Payne shows the depth of a salesman

Jim Payne, assistant vice president for FTS 2000 at Sprint's Government Systems Division, did not always want to be involved in sales. But it occurred to him that he had the knack the day he sold five pairs of shoes to a chimpanzee. In the late 1960s, Payne was working his way through Georgetown Un

Jim Payne, assistant vice president for FTS 2000 at Sprint's Government Systems Division, did not always want to be involved in sales. But it occurred to him that he had the knack the day he sold five pairs of shoes to a chimpanzee.

In the late 1960s, Payne was working his way through Georgetown University as a department store shoe salesman when a woman came in carrying what looked like a knapsack. Upon closer inspection, he realized the woman actually held a baby bunting. "I glanced at the baby, and I was afraid to look a second time because there was hair growing from its face," Payne remembered. "I tried to avert my eyes."

When the woman presented the "baby's" foot for measuring—and it looked like a hand—it dawned on Payne that he was not dealing with a human. "In the back room, my compatriots were howling, laughing that I was wasting all of this time on a chimpanzee," he said. "It turned out this woman had been in the store many times, and the salesmen had dismissed her as a kook."

Undeterred, Payne proceeded to find five pairs of shoes that fit the chimp. The woman bought $150 worth of footwear, which meant a hefty commission for Payne. One assumes his colleagues stopped laughing at that point.

This anecdote illustrates a thread running through Payne's career: ignoring self-imposed restrictions and doing anything possible to satisfy the customer. This attitude has helped Payne garner the respect of high-profile customers at the Treasury and Justice departments and more recently helped Sprint win the first FTS 2001 contract for next-generation telecommunications service.

Payne said he has managed to strike up trusting relationships with customers of Sprint's FTS 2000 network by listening to their concerns and giving them direct answers to their questions. These customers often ask him for his personal assurance that concerns will be addressed, which Payne considers a point of pride.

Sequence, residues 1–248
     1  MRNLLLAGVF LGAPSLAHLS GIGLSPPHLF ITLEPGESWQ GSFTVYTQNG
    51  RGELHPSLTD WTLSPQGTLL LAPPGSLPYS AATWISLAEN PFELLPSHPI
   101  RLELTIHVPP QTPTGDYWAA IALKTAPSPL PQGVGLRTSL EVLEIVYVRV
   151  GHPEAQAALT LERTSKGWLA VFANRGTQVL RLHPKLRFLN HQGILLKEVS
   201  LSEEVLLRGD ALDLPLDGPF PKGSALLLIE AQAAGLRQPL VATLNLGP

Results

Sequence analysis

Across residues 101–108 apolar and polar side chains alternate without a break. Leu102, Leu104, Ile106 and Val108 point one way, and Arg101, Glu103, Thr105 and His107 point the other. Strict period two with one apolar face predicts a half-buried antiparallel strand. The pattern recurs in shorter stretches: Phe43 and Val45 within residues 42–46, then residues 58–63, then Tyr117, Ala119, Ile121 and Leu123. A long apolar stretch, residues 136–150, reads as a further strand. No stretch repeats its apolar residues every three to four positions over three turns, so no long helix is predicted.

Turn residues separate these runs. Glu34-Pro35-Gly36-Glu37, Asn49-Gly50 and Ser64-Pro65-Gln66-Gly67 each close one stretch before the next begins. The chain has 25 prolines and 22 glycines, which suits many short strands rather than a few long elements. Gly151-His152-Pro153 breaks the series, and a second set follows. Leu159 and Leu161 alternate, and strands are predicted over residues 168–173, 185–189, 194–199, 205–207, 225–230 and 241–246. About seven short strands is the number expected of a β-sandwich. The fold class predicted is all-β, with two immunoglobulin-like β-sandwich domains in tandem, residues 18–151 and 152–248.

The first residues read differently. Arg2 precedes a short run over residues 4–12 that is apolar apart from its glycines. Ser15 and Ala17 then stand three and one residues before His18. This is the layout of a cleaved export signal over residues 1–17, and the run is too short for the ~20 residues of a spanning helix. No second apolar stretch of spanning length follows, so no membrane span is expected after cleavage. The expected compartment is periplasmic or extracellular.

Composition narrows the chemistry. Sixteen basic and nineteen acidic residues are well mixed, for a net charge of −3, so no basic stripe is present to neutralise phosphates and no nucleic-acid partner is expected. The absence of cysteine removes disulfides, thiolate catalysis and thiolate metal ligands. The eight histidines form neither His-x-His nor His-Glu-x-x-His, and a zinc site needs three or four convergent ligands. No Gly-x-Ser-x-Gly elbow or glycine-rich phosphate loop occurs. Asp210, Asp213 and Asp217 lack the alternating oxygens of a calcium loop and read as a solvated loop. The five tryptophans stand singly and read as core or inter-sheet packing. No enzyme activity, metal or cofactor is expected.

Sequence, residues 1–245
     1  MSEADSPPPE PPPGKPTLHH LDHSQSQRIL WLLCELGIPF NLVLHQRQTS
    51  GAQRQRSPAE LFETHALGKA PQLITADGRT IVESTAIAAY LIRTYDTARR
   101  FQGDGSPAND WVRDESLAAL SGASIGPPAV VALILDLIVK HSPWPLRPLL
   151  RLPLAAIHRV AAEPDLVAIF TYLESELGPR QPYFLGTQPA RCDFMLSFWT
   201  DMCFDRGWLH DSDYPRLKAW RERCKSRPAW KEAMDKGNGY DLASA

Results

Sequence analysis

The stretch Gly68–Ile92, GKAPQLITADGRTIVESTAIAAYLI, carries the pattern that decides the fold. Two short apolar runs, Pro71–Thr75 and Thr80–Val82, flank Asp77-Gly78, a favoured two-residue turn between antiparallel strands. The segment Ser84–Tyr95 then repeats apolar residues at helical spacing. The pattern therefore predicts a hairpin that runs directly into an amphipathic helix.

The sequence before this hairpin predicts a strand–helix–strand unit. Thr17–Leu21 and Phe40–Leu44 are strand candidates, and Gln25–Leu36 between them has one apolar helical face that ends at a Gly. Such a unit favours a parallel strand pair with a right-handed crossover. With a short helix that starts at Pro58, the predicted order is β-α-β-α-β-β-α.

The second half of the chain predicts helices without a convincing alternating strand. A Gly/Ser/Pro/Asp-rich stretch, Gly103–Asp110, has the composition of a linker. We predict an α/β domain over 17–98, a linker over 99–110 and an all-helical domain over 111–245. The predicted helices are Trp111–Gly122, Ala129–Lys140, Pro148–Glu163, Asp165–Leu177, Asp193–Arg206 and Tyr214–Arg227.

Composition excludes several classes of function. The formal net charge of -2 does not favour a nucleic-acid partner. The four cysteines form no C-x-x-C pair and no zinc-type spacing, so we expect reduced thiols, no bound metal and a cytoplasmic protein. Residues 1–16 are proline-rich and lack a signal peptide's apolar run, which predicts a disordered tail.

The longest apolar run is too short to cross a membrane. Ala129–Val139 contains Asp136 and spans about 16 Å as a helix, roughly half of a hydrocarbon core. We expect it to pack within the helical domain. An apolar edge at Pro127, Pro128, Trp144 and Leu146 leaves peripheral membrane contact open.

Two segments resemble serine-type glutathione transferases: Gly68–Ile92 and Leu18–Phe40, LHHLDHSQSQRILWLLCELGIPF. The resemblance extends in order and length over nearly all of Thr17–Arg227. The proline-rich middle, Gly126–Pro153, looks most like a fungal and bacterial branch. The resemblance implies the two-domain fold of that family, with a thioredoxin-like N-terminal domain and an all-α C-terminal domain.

Payne said he also encourages his employees to "step out of the box," as he puts it. A Sprint spokesman said Payne has personally encouraged the division's 20 deaf employees, who work with the company's relay telecommunications service for the hearing-impaired, to expand into other parts of the company. "Jim has been very encouraging to [deaf employees] who want to move out of that into the mainstream work force," the spokesman said. "There are now deaf people in the division who have done that, and it has meant a lot to these people to have a mentor in this organization."

Payne said he learned not to pigeonhole workers when he worked as a writer for publications specializing in summaries of government documents. Although he did not want to work in sales when he graduated from college—it was the Vietnam era, and sales represented the "establishment," he said—he soon found writing less than lucrative and began selling the publications he previously wrote. As he became a successful salesman, he disproved the notion that writers are too cerebral to make it in sales.

"It really taught me that I was a victim of prejudice," he said. "If there's one thing I've become famous for, it's finding people who work as secretaries or in other jobs [to work in sales]. One of my best salespeople used to sell pianos. I've always prided myself for recognizing talent."

Payne got into the telecommunications field in the early 1980s after making a sales call to GTE. The company piqued his interest, and he soon sought a position there. Fittingly, the day he interviewed at GTE, a two-inch headline in The New York Times trumpeted the divestiture of AT&T. The market was ready to open for companies such as Sprint, which GTE acquired soon after Payne's arrival.

Payne said he was shocked when he was promoted to assistant vice president in 1995. Although at the time he still was not sure he wanted the job, he immediately began establishing the office as a top-notch sales organization.

The payoff came last December when the General Services Administration informed him that Sprint had won the first FTS 2001 contract, the most coveted telecom prize in civilian government. By the time he met with GSA on the matter, Payne said he assumed he had not won. He said he knew the night before the meeting that GSA planned to announce the winner at a press conference the next day and assumed that he already would have been told if Sprint had won.

When he reluctantly showed up at GSA headquarters the next day, Payne said his face was red with anger at the officials there for not giving him the bad news over the phone.

Of course, when they informed him Sprint had won, he was "absolutely flummoxed," he said. "I asked for about 20 minutes to regain my composure."

NEXT STORY: Popularity Problems

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